Segmentation partitions each pixel on a given image to provide an accurate representation of the shapes. Segmentation is the process of creating a pixel-wise mask for each object in a given image. This gives us a more granular understanding of the contents of the image. The goal here is to recognize and understand what an image contains at the pixel level. Every pixel in an image belongs to at least one class, as opposed to object detection where the bounding boxes of objects can overlap.

Consider this comparison:

In image (c) object detection only showcases the classes and tells us nothing about the shape. 

In image (d) segmentation gives us pixel-wise information about the objects along with the class. 

Different Types of Segmentation

The different types of segmentation include:

Non-instance Segmentation

Non-instance segmentation is also known as semantic segmentation. It helps specify the shape/size/form of the objects in addition to their location and presence. It’s used in cases that require more specificity and where a model needs to definitively know whether or not an image contains the object of interest and also what isn’t an object of interest. In the above example, all the green pixels indicate the Dog and the pink pixels indicate the Cat.

Instance Segmentation

Instance segmentation tracks the presence, location, number, size, and shape of objects in an image. The goal here is to understand the image more accurately with every pixel. In the above example, the pixels related to the dog are tagged as ‘Dog 1’ and those that belong to the cat are tagged as ‘Cat 1’. If there were more dogs and cats in the image, then they would be segmented in similar colors and tagged consecutively.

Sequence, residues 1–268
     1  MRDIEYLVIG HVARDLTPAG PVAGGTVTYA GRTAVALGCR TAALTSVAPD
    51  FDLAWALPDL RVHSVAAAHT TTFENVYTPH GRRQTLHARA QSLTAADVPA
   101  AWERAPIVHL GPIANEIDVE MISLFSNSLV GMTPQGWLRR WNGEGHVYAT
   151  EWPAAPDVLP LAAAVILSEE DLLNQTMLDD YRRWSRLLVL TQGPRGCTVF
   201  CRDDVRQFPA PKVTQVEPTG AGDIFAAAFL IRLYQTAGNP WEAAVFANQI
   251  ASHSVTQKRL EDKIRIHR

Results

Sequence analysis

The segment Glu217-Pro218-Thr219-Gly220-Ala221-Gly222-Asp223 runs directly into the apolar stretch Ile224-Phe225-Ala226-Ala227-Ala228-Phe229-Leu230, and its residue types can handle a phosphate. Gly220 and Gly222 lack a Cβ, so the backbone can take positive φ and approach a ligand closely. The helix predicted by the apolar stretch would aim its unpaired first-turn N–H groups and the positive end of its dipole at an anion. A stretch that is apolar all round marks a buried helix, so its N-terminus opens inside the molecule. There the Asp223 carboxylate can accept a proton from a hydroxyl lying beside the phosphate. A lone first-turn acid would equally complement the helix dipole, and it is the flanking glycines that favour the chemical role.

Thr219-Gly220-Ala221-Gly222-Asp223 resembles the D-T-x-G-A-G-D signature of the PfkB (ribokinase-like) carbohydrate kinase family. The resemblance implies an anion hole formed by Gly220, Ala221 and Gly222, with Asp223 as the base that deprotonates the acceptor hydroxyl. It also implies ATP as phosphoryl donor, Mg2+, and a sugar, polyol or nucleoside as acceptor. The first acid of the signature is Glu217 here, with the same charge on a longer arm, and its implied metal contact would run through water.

Non-instance vs Instance Segmentation

The key difference between the two can be understood with the help of this example.

In image (d) there are no instances. All objects are simply named Dog and the pixels are marked in pink.

In image (e) the instances are clearly marked. Dogs are labeled as Dog 1, Dog 2, etc. along with varying colors to differentiate between the objects. 

Pan-optic Segmentation 

This type of annotation blends both semantic and instance segmentation. The background and objects are semantically segmented and the objects also have instances. This provides granular information for certain ML algorithms.